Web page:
From Iceland — Icelandic Superstitions: Making It Rain

Icelandic Superstitions: Making It Rain

Icelandic Superstitions: Making It Rain

Published November 8, 2019

Sam O'Donnell

Now that October is behind us, and the rainy season is supposed to be over, it’s finally time to take care of the leaves in your backyard. As mundane as this domestic activity seems, beware: there are superstitions lurking in the grass.

Watch the bugs

As you rake, you can’t help but notice little black beetles on the ground. Called blacksmith beetles, they’re ugly, but be careful not to step on them or you might cause a rainstorm. At least, that’s how the old wives tale goes. When you’ve finished, be sure to put the rake away with the tines facing the ground—if the tines face the sky, you’re inviting more rain.

If you make the mistake of trodding on the beetles or putting the rake away incorrectly, don’t be too hard on yourself. We all make mistakes. That said, once the rain comes, make sure you don’t use an umbrella. That means even more rain, and the wind will snatch it from your hands anyway.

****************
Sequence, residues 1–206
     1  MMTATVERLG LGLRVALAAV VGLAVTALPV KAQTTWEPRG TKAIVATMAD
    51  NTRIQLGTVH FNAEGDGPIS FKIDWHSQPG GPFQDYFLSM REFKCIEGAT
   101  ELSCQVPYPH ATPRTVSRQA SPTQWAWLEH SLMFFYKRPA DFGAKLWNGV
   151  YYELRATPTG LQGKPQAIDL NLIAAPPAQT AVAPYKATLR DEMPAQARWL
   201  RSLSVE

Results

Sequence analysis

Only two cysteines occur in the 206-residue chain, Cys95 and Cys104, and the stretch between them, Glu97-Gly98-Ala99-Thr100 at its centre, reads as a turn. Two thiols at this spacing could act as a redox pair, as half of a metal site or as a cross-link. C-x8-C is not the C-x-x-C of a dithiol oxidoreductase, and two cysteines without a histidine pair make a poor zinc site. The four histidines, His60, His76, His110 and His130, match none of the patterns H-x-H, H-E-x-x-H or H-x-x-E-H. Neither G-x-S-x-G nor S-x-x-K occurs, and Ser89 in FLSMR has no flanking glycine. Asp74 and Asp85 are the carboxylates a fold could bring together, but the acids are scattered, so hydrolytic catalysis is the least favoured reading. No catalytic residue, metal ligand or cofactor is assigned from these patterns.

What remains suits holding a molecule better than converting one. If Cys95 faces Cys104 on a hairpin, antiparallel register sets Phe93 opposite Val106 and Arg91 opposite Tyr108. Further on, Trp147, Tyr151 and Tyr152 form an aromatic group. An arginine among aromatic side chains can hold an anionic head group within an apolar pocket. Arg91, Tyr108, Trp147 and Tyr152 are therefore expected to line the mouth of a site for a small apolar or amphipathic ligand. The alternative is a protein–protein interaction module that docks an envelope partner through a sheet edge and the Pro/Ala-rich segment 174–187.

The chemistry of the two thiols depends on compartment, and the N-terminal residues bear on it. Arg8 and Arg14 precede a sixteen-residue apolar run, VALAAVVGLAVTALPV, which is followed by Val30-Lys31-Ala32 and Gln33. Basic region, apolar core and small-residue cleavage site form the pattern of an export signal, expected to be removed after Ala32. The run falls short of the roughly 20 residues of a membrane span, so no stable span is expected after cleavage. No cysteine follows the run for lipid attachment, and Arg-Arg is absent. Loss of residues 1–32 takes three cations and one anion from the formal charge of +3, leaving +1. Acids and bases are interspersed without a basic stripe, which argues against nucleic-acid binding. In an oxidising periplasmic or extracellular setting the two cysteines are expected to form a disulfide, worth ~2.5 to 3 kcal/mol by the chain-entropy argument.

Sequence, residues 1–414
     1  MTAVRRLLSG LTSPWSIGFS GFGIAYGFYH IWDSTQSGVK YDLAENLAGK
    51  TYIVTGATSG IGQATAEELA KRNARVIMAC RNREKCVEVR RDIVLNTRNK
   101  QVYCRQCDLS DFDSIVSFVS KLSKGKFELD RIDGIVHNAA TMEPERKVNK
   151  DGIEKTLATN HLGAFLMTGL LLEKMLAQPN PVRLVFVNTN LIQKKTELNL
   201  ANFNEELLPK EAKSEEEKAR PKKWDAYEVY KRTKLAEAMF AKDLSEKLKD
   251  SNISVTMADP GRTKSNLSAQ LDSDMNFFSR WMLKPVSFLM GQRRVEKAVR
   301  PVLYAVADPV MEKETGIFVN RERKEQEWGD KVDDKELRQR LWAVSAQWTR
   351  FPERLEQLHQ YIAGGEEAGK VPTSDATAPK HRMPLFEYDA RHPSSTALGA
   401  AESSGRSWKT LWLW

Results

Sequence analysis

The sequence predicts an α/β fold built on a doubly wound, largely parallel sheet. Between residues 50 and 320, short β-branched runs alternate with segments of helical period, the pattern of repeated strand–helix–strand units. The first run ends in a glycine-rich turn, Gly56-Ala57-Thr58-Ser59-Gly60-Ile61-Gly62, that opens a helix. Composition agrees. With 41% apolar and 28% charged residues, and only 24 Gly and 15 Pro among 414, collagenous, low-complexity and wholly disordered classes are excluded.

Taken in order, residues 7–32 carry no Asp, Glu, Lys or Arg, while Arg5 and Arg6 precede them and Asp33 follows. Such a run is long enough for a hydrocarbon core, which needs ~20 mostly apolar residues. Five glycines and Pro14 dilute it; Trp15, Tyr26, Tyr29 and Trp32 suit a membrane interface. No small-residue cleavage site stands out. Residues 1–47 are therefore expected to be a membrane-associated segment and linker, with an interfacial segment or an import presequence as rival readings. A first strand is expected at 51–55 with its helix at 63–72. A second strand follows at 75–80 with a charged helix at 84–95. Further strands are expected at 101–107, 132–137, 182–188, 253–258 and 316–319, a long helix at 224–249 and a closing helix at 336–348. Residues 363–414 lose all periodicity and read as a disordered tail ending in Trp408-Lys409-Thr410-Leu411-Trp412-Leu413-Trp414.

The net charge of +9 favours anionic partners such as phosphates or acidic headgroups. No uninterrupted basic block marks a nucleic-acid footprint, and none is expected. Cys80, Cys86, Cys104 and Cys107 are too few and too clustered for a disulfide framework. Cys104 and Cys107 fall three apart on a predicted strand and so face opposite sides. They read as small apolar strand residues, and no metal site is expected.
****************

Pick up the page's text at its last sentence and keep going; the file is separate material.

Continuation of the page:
Thanks, Grandma

Take heed of your dreams as you sleep that night. If your dead relatives appear to you, that means a storm is a’brewing. Yes, even if you’ve taken care to watch out for the beetles, delicately put your rake away, and even thrown away your umbrella, your dead relatives can still cause a downpour. Worst reunion ever.

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